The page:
Interviews for Resistance: “Money for Our Streets—Not for Wall Street”

Sarah Jaffe May 4, 2017

Leaders of the Action Center on Race and the Economy (ACRE) talk about their new organization and its work around racial and economic justice. (Grassroots Collaborative)

Wel­come to Inter­views for Resis­tance. Since elec­tion night 2016, the streets of the Unit­ed States have rung with resis­tance. Peo­ple all over the coun­try have wok­en up with the con­vic­tion that they must do some­thing to fight inequal­i­ty in all its forms. But many are won­der­ing what it is they can do. In this series, we’ll be talk­ing with expe­ri­enced orga­niz­ers, trou­ble­mak­ers and thinkers who have been doing the hard work of fight­ing for a long time. They’ll be shar­ing their insights on what works, what does­n’t, what’s changed and what is still the same. 

Mau­rice Weeks: My name is Mau­rice BP-Weeks. I am the co-exec­u­tive direc­tor of the Action Cen­ter on Race and the Econ­o­my (ACRE) and I am based in Detroit, Michigan.

Saqib Bhat­ti: I am Saqib Bhat­ti. I am the oth­er co-exec­u­tive direc­tor of ACRE and I am based in Chicago.

Sarah Jaffe: Your orga­ni­za­tion is just get­ting off the ground. Tell us about the idea behind it and why you’re launch­ing now?

Mau­rice: The idea behind the Action Cen­ter on Race and the Econ­o­my is that there is lots of real­ly great eco­nom­ic jus­tice work being done look­ing at the role that Wall Street plays in every­day people’s lives. What we do here at the Action Cen­ter on Race and the Econ­o­my is do that work that goes after Wall Street and cor­po­ra­tions who we all know are extract­ing wealth from com­mu­ni­ties, with an explic­it­ly racial jus­tice lens.

Basi­cal­ly, the way that we have talked about eco­nom­ic jus­tice work in the past on the left has been, when we bring race into the con­ver­sa­tion, it is often through the lens of dis­parate impact. We say, Bad guys do stuff at the top and it dis­pro­por­tion­ate­ly affects peo­ple at the bot­tom.” What we do here at the Action Cen­ter on Race and the Econ­o­my is look at cam­paigns with a slight­ly dif­fer­ent lens, say­ing that the actu­al func­tion of how these com­pa­nies oper­ate is built on the extrac­tion of wealth from peo­ple of col­or. It is not an after­thought. It is actu­al­ly core to their busi­ness mod­el. All the cam­paigns that we do live at this inter­sec­tion of cor­po­rate account­abil­i­ty, Wall Street account­abil­i­ty, eco­nom­ic jus­tice, and race with that par­tic­u­lar lens.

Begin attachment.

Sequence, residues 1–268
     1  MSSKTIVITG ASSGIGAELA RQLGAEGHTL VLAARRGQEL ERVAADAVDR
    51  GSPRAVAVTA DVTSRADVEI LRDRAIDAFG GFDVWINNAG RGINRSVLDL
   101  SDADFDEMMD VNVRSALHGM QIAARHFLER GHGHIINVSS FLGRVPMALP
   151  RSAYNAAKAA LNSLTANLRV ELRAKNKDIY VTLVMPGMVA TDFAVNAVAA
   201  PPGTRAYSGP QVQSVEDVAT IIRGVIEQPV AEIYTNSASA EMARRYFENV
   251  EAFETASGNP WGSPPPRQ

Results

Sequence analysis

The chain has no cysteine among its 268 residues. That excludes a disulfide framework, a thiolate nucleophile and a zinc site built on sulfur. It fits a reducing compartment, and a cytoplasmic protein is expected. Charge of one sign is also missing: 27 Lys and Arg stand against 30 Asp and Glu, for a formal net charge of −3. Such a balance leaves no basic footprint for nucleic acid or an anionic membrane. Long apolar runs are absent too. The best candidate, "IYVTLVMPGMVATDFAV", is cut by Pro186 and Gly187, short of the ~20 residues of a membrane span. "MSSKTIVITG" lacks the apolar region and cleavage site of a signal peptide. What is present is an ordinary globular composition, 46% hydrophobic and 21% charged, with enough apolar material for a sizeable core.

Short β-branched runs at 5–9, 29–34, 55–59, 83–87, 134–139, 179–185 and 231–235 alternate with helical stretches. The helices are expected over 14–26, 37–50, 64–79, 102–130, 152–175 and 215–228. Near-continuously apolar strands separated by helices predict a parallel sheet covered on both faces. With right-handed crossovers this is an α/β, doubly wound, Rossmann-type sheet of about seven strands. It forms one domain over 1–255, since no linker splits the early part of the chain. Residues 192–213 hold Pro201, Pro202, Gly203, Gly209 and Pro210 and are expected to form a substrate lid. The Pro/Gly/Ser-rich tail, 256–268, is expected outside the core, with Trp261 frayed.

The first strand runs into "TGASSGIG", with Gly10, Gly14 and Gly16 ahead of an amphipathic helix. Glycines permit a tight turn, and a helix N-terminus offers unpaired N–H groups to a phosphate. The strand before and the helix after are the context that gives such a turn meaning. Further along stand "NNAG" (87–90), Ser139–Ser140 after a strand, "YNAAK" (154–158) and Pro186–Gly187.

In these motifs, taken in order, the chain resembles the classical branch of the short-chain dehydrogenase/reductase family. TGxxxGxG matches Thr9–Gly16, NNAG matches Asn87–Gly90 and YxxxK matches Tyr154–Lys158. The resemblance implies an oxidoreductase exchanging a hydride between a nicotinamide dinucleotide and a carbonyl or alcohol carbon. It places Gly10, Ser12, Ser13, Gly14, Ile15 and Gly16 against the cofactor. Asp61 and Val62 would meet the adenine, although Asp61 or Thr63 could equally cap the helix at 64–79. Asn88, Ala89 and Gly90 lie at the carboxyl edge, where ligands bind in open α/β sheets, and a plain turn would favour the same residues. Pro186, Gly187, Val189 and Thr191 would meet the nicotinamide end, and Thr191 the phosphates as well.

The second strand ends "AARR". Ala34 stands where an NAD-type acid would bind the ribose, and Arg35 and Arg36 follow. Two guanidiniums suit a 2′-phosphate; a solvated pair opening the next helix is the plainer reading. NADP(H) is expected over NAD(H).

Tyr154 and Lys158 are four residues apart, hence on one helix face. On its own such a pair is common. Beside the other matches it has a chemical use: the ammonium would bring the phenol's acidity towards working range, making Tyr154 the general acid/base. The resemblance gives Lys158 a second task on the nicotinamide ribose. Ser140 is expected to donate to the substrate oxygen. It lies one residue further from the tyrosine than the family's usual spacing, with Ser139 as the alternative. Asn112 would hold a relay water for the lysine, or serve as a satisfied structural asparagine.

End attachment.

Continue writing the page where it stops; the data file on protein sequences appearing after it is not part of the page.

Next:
Sarah: Can you talk a lit­tle bit about some of the back­ground, some of the cam­paigns that led to this point?

Saqib: Both Mau­rice and I have been involved in var­i­ous Wall Street account­abil­i­ty cam­paigns for the past many years. We have worked togeth­er in many capac­i­ties. Some of the oth­er cam­paigns that have informed this new project include the Refund Amer­i­ca project, which had been focused on munic­i­pal finance deals and the increas­ing pow­er of the finan­cial sec­tor with­in state and local gov­ern­ments, the way that dri­ves aus­ter­i­ty poli­cies and dri­ves impact[s] that are very prob­lem­at­ic in com­mu­ni­ties of col­or, in particular.

It is not just the case that com­mu­ni­ties of col­or are dis­parate­ly impact­ed by cuts to bud­gets. It is actu­al­ly that part of how the most dras­tic, the most dra­con­ian cuts are jus­ti­fied — is by doing them in com­mu­ni­ties of col­or. There are two salient exam­ples: A lot of the work we did with the Detroit bank­rupt­cy and work we are doing cur­rent­ly around the Puer­to Rican debt cri­sis, two great exam­ples of places where debt has been used to try to upend people’s lives, to under­mine democ­ra­cy, and we see that it starts with com­mu­ni­ties of color.

We have already seen them try to export the Detroit for­mu­la in oth­er places. You cre­ate the for­mu­la by tar­get­ing com­mu­ni­ties of col­or, and then once you have that, you can also try to push in oth­er places. Some of the oth­er cam­paigns that have real­ly gone into this work were the Hedge Clip­pers cam­paign, which has been focused around hold­ing account­able hedge fund man­agers, pri­vate equi­ty firm man­agers, and bil­lion­aires who are very often finan­cial folks who are try­ing to con­trol our pol­i­tics and are increas­ing­ly on the wrong side of a whole host of issues, whether they are phar­ma bros who are increas­ing the price of phar­ma­ceu­ti­cals or whether they are folks who are try­ing to push for the char­ter­i­za­tion of entire school districts.

Mau­rice can prob­a­bly talk about some of the oth­er work that we have done around hous­ing and gen­tri­fi­ca­tion and var­i­ous oth­er issues like that.

Mau­rice: The hous­ing work has real­ly spanned sev­er­al years, back to the peak of the fore­clo­sure cri­sis, where real­ly I cut my teeth as an orga­niz­er in Cal­i­for­nia going after Wells Far­go and some of the oth­er banks that were fore­clos­ing en mass on Black and Lati­no families.